DENVER (KDVR) — As millions of Americans begin to recover from COVID infections contracted in December and January, some are wondering if a breakthrough case leads to “super immunity.”
A breakthrough COVID-19 case is an infection that occurs with someone who is vaccinated against the virus.
The question is: If you test positive for COVID after being fully vaccinated and boosted, does it mean you have enhanced immunity and protection from catching it again? Nexstar’s KDVR posed the question to doctors from three different healthcare groups.
“There might be a little bit of truth to that,” National Jewish Health pulmonologist Dr. David Beuther said. “We’re learning that for at least 90 days there is some immunity against another COVID-19 infection.”
When it comes to vacation plans following recovery, he said, “This omicron infection that they just had probably boosted their neutralizing antibodies quite a bit and that means for a period of time, whether it’s weeks or months, they probably have protection against another infection. So that was probably really good timing.”
“What that means is not to be reckless,” Beuther said. “We still need to be concerned that we could get an infection, even an asymptomatic infection and pass it to somebody who’s vulnerable.”
According to Beuther, immunity gained from contracting the virus lasts several weeks while immunity gained from being vaccinated lasts much longer. He said a case involving a patient who had previously been boosted may mean an increased immune response in the short term, but does not provide extra protection in the long run.
“That infection that you had in January probably won’t help you a whole lot in July,” he said.
Might work for omicron, but what about future variants?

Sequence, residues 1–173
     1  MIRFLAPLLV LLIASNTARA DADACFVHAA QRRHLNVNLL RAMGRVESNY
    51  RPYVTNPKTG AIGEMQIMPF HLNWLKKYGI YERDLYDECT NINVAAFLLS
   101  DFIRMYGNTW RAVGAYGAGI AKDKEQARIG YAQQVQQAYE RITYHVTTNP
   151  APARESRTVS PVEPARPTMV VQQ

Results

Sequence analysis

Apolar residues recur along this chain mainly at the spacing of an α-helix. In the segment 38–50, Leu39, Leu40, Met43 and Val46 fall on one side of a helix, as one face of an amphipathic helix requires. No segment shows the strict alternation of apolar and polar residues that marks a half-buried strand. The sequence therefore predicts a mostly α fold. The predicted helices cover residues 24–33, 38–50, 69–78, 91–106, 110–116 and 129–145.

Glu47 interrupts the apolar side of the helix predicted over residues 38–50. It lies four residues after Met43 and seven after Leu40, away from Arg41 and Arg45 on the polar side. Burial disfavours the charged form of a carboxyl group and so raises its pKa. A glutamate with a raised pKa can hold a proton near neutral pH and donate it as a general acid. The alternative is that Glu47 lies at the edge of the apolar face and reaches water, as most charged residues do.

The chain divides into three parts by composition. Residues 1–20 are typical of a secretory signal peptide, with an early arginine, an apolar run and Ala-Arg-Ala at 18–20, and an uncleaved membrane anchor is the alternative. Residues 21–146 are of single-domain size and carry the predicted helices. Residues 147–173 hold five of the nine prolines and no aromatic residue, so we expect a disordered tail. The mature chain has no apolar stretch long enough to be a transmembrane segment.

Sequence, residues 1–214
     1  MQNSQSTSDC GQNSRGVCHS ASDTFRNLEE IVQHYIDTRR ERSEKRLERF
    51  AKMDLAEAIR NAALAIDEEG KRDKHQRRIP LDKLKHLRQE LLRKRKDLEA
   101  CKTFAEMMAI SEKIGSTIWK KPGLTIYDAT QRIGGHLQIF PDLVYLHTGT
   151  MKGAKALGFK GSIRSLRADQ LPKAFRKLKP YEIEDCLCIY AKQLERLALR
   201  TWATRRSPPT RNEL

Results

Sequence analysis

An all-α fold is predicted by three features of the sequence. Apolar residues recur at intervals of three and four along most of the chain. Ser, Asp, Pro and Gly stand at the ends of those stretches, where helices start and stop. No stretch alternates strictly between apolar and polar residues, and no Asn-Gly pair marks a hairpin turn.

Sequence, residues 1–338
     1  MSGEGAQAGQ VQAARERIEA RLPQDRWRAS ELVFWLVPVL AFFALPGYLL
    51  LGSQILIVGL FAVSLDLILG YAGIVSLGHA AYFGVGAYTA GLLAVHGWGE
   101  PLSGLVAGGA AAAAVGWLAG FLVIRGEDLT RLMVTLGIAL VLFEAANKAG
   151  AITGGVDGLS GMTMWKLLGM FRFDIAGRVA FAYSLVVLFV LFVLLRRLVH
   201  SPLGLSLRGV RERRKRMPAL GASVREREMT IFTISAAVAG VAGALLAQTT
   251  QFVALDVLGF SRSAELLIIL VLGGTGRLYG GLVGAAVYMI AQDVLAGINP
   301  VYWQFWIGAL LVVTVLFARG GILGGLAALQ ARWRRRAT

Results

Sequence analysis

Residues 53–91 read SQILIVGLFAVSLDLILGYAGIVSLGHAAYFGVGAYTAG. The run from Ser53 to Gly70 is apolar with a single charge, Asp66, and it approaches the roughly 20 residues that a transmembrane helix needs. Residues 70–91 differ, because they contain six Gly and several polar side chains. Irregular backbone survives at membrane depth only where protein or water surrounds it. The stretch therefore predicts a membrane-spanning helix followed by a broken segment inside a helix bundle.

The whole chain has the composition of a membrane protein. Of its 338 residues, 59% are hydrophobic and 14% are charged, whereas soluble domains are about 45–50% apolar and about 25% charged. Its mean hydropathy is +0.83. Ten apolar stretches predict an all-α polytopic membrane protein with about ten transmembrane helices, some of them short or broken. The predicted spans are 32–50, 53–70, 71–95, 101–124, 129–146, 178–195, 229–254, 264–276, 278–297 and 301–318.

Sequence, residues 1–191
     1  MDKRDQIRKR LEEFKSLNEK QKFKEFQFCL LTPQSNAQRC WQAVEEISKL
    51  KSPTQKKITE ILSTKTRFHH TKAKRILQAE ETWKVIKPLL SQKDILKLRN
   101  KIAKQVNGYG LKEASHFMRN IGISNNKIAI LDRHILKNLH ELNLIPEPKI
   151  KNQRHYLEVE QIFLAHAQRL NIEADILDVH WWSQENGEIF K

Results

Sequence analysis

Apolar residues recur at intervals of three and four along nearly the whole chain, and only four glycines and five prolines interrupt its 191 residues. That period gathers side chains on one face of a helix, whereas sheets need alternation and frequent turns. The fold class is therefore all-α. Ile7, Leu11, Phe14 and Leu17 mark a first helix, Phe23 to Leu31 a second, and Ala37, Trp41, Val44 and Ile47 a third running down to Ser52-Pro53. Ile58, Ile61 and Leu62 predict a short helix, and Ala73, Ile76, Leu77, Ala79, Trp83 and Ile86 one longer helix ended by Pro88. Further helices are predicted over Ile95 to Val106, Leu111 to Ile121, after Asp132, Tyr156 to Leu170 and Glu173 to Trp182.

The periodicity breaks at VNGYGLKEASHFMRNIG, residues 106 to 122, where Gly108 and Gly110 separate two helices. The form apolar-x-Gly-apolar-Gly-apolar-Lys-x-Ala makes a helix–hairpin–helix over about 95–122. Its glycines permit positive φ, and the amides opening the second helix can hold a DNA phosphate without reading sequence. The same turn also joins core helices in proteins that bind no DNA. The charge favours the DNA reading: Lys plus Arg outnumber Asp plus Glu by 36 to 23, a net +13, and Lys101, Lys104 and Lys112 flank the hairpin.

“I think it’s a false sense of security … maybe you’re super immune to omicron but maybe you’re not immune to some of the other variants that are out there,” said Dr. Scott Joy, chief medical officer for HealthONE Physician Services Group.
Joy believes recovered patients should go on with their lives but in a safe manner, which includes wearing a mask, washing their hands and keeping a distance from others.
“I wouldn’t go around flaunting or walking around the [amusement] park without a mask or [without] trying to give myself a little space in those queue lines,” Joy said. “There’s just so much still out there, so many people unvaccinated that continue to provide a reservoir for the virus to get into and mutate, and that’s kind of challenging even to the people that are vaccinated.”
According to Joy, doctors and scientists do not know enough about the body’s immune response to COVID’s variants.
“There’s a lot of holes in the science that we really don’t understand how certain patients are susceptible to it and some aren’t,” he said.
What is ‘hybrid immunity’?
“There is this concept of what’s been called hybrid immunity,” said Dr. Jean Kutner, chief medical officer at UCHealth University of Colorado Hospital.
According to Kutner, hybrid immunity is the combination of immunity from vaccination and immunity from infection. Each provides a slightly different benefit.
“That said, it’s not a ticket to ride. It’s quite variable individual to individual, the extent to which we each have an immune response,” she said.
Kutner also called the concept of “super immunity” a “false sense of security.”
“We just don’t know. We don’t know how much boosted immunity that would be giving somebody,” she said.
Kutner said she has had boosted patients with breakthrough infections wondering about how to approach travel plans following recovery.
“My advice to them was that they absolutely can travel and they should still when they get on that plane, they should still be wearing the best, snuggest, most highly effective mask that they can wear,” she said. “They should still be doing the good hand washing and all those things that we’ve been talking about all along because we just don’t know.”